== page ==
Since that war there has been discussions about whether President Bush should have used the advantage we gained by defeating Saddam's armies to capture Iraq as well. President Bush showed great wisdom by sticking to the declared mission and returning Kuwait to Kuwaiti control. H shows that President Bush in 1991 was showing wisdom in his leadership which resulted in Operation Desert Storm turning out to be one of the most successful military campaigns in United States history.
When America Proved That Anything Is Possible
It was one of those moments in American history that the people who were able to watch it for the first time felt like they were in a science fiction movie. But with televisions cameras on every move, the nation and the world watched on July 20, 1969 as three American astronauts landed on the moon.
The project had been in the works for years to be sure. You have to wonder with the phenomenal amount of work, expert engineering and the amazing genius that created the rocket ships and everything that would be needed to make the flight possible, if even those in NASA sat in mute wonder and had goosebumps when "Buzz" Aldren was the first man in history to put his foot on another world and pronounce those famous words -
"That's one small step for man; one giant leap for mankind."
That phrase, which itself was carefully prepared, has a lot of wisdom in it. Sure, touching another world for the first time in human history was a tremendous accomplishment for America. But more than that, it signaled a new era for humankind everywhere. All of a sudden, the moon wasn't a far away myth, full of mystery and magic. All of a sudden, people everywhere felt like they too could touch the stars if they put out their best efforts too.
It was also a huge moment for the unity of all people. Few things cause the world population to come together and link arms and be one people, not separate countries. Most of the time, it's a terrible global disaster that makes us all bond together. But this time was different. This time is was a moment so phenomenal that everybody stopped and watched and everybody knew that this was not just a great accomplishment for three astronauts and scientists that put them there. This was a great accomplishment for mankind.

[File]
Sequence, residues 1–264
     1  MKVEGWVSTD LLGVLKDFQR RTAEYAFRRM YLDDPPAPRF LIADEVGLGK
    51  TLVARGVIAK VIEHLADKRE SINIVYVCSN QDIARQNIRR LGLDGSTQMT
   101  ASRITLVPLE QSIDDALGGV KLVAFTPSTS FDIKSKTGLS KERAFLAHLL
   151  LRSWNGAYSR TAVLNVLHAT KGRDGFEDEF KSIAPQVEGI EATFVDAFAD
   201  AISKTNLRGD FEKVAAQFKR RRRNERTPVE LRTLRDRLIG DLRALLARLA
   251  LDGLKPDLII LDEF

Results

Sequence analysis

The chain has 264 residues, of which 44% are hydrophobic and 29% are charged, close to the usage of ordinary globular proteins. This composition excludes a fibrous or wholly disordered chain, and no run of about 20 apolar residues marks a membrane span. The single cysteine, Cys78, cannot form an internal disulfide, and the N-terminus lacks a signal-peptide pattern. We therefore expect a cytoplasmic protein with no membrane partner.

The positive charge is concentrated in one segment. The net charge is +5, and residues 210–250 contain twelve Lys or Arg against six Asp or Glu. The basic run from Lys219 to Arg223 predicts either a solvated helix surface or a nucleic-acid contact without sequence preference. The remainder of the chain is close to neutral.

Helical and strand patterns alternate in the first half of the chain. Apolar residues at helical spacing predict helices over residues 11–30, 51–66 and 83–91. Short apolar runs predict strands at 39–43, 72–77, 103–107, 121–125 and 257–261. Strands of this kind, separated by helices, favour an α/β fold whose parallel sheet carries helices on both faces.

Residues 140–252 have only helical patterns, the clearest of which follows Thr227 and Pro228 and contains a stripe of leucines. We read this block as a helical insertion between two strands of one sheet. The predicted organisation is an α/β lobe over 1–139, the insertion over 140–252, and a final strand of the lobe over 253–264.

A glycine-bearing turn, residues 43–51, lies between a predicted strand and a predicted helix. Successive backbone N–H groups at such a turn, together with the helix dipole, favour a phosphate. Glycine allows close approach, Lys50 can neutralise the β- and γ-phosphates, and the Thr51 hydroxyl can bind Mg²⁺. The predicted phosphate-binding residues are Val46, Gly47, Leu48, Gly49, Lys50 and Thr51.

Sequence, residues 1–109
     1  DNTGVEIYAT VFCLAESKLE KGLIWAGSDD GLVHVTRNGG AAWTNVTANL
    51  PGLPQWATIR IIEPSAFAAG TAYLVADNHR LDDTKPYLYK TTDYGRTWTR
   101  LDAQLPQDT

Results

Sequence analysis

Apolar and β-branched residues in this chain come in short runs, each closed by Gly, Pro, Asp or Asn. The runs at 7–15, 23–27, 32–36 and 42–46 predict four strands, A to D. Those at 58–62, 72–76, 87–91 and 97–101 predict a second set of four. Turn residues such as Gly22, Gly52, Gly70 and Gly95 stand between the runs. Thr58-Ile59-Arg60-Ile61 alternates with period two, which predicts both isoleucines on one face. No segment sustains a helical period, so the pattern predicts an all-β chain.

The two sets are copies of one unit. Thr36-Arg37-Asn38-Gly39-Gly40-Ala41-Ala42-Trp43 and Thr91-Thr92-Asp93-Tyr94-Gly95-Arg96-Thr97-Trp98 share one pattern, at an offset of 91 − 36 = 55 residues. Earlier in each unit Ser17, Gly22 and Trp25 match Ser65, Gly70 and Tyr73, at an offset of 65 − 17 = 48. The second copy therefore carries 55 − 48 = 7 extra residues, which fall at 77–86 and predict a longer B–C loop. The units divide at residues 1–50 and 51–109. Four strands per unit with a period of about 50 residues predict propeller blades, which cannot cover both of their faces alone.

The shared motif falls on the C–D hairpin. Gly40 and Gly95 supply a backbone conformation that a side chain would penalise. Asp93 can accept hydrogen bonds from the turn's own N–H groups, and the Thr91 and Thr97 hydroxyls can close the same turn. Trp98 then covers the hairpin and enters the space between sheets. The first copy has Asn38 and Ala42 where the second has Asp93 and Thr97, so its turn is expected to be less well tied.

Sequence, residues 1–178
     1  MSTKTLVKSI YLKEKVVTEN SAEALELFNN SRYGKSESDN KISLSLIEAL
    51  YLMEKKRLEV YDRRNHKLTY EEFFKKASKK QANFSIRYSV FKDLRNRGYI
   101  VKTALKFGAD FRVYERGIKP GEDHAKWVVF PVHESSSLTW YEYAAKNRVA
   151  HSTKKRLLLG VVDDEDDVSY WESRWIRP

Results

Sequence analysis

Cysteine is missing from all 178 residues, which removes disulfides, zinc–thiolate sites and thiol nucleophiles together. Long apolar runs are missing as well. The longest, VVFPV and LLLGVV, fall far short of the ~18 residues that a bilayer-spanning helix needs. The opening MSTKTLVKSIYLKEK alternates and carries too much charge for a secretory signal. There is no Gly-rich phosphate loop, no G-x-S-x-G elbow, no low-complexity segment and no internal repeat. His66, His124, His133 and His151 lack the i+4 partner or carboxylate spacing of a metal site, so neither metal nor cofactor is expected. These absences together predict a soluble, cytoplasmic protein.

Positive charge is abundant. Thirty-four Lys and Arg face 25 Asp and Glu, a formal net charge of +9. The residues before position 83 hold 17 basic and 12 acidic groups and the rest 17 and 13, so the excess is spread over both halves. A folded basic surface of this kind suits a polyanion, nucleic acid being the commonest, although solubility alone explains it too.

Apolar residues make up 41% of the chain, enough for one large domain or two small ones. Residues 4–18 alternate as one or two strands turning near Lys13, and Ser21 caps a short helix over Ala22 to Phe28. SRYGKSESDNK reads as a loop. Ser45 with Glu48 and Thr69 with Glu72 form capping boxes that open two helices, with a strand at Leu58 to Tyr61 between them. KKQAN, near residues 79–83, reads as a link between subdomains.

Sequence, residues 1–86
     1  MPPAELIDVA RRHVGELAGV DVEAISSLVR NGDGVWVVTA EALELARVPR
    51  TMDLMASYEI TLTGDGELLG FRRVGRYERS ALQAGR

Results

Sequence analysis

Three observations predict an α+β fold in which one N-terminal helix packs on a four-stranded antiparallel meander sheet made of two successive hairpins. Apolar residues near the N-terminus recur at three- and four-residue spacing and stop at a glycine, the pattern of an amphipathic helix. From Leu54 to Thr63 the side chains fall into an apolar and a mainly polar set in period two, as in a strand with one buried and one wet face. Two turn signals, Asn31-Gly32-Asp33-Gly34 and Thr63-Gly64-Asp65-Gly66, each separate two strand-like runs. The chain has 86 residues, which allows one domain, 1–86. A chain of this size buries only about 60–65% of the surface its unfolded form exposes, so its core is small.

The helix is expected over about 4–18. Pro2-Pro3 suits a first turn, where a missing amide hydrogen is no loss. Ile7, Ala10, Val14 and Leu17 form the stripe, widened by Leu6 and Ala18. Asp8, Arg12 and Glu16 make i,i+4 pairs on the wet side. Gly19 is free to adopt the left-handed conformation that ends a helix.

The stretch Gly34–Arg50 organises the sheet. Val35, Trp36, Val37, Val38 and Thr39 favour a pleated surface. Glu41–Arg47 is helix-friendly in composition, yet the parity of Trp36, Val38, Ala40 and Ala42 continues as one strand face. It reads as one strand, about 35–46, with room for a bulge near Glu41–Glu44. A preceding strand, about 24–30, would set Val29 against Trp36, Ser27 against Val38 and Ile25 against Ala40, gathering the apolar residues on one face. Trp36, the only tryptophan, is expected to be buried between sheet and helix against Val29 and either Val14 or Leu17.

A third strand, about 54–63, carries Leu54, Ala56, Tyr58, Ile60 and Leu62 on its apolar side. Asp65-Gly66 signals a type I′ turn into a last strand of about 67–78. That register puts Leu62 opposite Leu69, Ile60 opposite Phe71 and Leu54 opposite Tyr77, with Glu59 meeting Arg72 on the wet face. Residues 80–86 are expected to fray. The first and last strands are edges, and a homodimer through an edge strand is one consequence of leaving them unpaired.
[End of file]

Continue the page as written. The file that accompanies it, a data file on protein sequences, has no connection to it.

American history is populated with tremendous events, both bad and good. But it's worth a moment to sit back and reflect on what the first moon landing meant and continues to mean for Americans and the American spirit. You have to wonder if any other nation would have had the ability, the creative powers, the powerful minds and the collective will to see this kind of amazing accomplishment through to success.
It's even more amazing when you remember that just a few years earlier, on September 12, 1962 that President Kennedy challenged American to rise to this challenge in a speech at Rice University. It takes a lot to make something as historic and earth shaking as landing on the moon a reality and visionary leadership such as Kennedy showed that day was a big part of why this landing made history.
This amazing achievement points out something outstanding about the American spirit. Americans are a people who dream big. And to land a man on the moon took big dreams. But we didn't just dream to put a man up there, it was not acceptable unless we got everybody home safely as well.
For the most part the American space program has had a phenomenal history of success in breaking through barriers that nobody had every done before. Yes, there have been set backs and tragedies along the way. But Americans are not quitters and through all the struggles we face, we face them together. But we never forget to look up at the stars and dream of the day that yet again we see an American set foot on another world and plant out flag in that soil to be signal forever that America was here!